Pakistan's antisocial networking

Have they not heard the phrase "going viral"? That was my first response to hearing that the Lahore high court had placed a temporary ban on Facebook in response to its Everybody Draw Mohammad Day! page.

Sure enough, the ban brought the page to the attention of millions, and – as some found ways around it and others uploaded the offending images on alternative sites – led to a subsequent ban on BlackBerry services, proxy servers, YouTube (yesterday partially rescinded), Flickr, and a few Wikipedia pages. The Pakistan Telecommunication Authority has established a "crisis cell" and set up a toll-free number and email address where people can report other sites that carry blasphemous content. The dragon chasing its tail all the way across the world wide web.

Meanwhile Facebook itself has become a sad and lonely place for those in the rest of the world who used it to communicate with Pakistan. Every day a few people pop up from behind freshly discovered proxy servers to mutter disconsolate or defiant messages, and then disappear into the void again.

On Monday the Lahore high court convenes to decide whether to extend the ban. There are a number of civil rights activists working to oppose it, but support has not come from most sections of the media. While the press has fought many battles to uphold freedom of expression it is treating this ever-widening ban as a separate matter.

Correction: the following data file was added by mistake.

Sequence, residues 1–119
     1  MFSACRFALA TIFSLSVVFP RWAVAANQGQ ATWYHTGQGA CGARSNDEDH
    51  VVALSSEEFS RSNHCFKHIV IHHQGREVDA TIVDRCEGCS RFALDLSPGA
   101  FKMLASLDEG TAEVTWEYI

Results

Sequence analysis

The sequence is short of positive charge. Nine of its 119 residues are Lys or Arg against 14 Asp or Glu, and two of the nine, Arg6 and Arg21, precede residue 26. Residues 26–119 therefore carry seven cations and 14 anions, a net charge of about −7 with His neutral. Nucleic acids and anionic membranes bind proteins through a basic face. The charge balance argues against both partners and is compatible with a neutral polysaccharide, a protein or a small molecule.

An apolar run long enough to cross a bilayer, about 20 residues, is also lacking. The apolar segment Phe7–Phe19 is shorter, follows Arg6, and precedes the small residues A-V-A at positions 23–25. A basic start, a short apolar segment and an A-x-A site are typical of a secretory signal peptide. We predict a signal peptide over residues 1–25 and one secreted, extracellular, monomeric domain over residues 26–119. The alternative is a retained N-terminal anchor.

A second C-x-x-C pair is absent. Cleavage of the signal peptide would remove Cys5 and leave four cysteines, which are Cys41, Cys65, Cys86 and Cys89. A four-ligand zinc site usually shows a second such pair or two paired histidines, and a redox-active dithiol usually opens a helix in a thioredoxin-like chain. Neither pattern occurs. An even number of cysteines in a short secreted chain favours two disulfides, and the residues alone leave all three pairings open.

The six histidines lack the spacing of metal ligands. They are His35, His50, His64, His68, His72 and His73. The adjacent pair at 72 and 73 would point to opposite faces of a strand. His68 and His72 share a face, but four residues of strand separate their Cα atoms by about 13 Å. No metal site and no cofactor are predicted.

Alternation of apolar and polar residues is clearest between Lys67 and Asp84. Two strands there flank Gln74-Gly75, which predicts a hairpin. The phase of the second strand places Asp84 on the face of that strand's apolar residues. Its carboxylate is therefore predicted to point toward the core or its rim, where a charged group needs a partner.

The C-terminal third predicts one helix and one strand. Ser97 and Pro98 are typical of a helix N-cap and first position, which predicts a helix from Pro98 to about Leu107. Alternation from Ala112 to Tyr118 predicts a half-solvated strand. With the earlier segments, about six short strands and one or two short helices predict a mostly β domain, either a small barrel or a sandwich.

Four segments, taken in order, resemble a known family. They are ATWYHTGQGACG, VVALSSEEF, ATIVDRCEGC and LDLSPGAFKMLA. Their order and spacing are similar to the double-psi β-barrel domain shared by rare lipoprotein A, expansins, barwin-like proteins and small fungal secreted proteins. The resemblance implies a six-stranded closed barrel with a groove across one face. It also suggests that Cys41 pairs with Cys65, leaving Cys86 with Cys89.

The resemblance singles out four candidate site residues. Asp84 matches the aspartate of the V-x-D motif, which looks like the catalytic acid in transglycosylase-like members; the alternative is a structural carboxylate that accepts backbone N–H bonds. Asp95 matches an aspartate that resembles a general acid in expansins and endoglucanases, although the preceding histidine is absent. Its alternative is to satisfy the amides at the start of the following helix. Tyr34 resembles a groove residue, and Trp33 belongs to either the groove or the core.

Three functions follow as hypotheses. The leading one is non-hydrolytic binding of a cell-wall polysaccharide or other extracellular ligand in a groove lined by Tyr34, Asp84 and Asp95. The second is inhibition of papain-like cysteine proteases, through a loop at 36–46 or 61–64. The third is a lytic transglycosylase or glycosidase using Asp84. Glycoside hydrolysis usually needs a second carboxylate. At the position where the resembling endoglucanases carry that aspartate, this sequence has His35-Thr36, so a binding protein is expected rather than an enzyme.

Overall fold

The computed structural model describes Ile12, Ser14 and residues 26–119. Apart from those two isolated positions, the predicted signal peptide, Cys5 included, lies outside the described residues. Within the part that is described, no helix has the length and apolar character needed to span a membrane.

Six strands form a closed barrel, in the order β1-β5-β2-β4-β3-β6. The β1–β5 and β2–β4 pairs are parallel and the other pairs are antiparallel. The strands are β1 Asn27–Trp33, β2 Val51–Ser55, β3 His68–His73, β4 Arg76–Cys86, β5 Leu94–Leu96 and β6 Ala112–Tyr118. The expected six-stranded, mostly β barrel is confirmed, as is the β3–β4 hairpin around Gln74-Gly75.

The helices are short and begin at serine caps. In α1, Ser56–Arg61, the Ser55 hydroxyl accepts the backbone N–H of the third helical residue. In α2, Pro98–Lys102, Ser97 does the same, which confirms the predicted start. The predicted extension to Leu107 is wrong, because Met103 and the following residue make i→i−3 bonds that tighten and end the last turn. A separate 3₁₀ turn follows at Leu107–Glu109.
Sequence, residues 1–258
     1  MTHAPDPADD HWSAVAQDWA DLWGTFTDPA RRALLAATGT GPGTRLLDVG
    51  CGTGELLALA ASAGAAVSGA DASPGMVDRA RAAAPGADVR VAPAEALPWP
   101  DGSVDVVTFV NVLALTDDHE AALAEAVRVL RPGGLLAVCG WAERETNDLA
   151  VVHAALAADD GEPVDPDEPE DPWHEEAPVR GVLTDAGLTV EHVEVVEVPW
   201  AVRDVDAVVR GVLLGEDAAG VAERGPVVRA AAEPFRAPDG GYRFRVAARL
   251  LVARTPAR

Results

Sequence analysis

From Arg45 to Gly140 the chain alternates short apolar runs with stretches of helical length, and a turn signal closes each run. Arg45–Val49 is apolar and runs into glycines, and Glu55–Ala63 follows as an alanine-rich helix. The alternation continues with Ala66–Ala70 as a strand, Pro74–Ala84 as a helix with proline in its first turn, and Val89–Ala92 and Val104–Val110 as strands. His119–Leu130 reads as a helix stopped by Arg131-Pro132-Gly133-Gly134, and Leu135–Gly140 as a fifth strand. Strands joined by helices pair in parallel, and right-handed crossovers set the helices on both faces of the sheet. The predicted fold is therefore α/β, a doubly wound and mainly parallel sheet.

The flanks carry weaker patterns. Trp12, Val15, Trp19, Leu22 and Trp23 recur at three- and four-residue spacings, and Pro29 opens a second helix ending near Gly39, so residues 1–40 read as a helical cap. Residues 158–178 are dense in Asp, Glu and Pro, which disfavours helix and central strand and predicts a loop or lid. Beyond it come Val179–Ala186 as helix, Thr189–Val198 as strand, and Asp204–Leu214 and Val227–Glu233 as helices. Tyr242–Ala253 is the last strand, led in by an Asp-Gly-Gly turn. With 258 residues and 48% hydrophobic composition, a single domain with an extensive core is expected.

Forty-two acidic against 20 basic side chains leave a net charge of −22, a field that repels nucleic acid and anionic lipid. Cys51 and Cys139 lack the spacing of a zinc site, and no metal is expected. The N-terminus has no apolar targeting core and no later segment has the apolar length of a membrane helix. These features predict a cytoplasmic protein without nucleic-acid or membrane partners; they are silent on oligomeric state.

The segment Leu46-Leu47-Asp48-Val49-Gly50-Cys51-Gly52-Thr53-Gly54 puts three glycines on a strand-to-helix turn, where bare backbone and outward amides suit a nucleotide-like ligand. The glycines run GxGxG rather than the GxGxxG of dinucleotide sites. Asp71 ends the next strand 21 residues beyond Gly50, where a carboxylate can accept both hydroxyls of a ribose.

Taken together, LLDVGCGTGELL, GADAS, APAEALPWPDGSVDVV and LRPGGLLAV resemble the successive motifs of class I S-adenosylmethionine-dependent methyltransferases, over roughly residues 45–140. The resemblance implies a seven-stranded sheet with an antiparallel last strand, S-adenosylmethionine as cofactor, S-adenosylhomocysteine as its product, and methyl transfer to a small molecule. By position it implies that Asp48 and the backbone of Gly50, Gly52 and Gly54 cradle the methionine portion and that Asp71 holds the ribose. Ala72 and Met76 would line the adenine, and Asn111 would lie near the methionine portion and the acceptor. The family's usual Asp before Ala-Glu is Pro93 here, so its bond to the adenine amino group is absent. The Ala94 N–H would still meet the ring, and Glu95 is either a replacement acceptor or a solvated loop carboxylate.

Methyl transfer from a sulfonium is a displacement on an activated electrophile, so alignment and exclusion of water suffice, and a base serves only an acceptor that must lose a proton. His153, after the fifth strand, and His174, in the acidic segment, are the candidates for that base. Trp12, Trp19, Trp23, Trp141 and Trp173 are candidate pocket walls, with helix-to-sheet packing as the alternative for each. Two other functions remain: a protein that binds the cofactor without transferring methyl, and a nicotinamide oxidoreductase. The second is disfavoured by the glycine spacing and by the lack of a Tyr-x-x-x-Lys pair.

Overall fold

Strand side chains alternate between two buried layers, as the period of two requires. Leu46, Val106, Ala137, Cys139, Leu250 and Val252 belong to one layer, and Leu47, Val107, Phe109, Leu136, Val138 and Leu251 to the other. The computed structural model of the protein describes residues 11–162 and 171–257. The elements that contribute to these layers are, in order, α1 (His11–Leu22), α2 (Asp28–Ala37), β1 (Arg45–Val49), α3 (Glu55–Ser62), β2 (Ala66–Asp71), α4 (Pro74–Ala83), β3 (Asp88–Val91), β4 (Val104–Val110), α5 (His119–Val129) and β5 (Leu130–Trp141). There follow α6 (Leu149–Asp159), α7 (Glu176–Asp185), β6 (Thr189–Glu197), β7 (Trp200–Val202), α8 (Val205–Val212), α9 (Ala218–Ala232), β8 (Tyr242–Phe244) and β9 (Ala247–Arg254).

The Pakistan Federal Union of Journalists has published a statement supporting the ban and condemning blasphemous content. Sabeen Mahmud – a civil rights activist who protested alongside the media during the attempts by Pervez Musharraf and Asif Ali Zardari's governments to limit press freedom – has spoken of feeling "violated and angry" on reading the union's statement. It has fallen to Sherry Rehman, the minister of information who resigned her post when Zardari imposed restrictions on the media in 2009, to remind the press that: "Freedom of expression is a jealously guarded and very hard-won right, and we must not squander it in a rush to tar all outlets with one brush."

And therein lies the crux. No one is publicly arguing that the "draw Mohammad day" page should not be blocked. Even those who privately oppose all censorship agree that, given the blasphemy laws and wording of Pakistan's constitution, there is nothing to be gained by opposing the block on that page. Instead, they extol the virtues of self-regulation and point out that it is possible to block individual pages, as has been done with Wikipedia.

For this they are being accused of blasphemy by rightwing groups who long ago learned the effectiveness of rabble rousing. These accusations are also repeated by members of the rightwing media, some of whom make Fox News look like CBeebies.

But for those who want to continue to use a social networking site without running into anyone else's offensive views, help is at hand from the, which announces itself like this: "MillatFacebook helps you connect and share with more then 1.57 billion Muslims and Sweet people from other Religions. The terms of use are straightforward. 1) You must respect Humanity; 2) you must respect Believes of all People; 3) No Disrespect to anyone."

And who started MillatFacebook? The first name that appears on the website's "team page" is Azhar Siddique, advocate, a representative of the Islamic Lawyers Forum, which petitioned the courts for the Facebook ban. He is planning to ask the UN to take action against the founders of Facebook. It's reassuring to know he's giving the world an option to fall back on should his case succeed.

Kamila Shamsie, the author of four novels. She lives in London and Karachi and is presently teaching in New York State.